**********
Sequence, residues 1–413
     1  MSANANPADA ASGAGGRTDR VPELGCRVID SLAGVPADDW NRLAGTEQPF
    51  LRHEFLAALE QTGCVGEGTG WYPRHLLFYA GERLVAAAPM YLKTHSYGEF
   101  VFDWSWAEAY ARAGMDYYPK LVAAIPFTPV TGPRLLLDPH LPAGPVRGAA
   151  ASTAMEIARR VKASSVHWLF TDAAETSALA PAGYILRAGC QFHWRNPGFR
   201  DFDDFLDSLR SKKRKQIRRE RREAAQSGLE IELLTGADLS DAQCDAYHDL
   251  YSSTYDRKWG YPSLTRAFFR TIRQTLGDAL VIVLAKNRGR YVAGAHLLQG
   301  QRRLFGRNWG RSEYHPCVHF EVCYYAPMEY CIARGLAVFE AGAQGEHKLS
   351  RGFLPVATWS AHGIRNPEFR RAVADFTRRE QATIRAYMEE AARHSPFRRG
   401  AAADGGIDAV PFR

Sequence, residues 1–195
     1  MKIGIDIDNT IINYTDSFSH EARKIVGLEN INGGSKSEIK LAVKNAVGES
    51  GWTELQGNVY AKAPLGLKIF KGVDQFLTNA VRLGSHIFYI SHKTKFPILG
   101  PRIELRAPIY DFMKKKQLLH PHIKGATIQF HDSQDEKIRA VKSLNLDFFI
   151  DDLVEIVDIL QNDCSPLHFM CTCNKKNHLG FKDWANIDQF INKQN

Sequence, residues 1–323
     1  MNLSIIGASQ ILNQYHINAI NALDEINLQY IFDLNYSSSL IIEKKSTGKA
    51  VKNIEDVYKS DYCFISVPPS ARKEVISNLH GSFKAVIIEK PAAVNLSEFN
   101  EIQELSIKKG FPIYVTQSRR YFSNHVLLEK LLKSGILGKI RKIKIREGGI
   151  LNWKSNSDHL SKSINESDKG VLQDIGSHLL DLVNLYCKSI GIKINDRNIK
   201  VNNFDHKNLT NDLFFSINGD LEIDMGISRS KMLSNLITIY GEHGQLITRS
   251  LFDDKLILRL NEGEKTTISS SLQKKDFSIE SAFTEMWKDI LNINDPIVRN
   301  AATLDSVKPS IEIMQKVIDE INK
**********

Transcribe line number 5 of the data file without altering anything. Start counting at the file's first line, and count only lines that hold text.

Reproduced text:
   151  ASTAMEIARR VKASSVHWLF TDAAETSALA PAGYILRAGC QFHWRNPGFR